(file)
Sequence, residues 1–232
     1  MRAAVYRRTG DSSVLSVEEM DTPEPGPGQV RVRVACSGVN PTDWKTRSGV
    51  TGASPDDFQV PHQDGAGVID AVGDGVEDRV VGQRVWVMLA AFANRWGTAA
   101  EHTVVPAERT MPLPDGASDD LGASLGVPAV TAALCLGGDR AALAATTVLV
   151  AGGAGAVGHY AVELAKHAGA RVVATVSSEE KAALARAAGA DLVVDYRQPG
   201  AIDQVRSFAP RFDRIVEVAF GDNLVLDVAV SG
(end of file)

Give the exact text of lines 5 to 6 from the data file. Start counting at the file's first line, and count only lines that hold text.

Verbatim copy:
   151  AGGAGAVGHY AVELAKHAGA RVVATVSSEE KAALARAAGA DLVVDYRQPG
   201  AIDQVRSFAP RFDRIVEVAF GDNLVLDVAV SG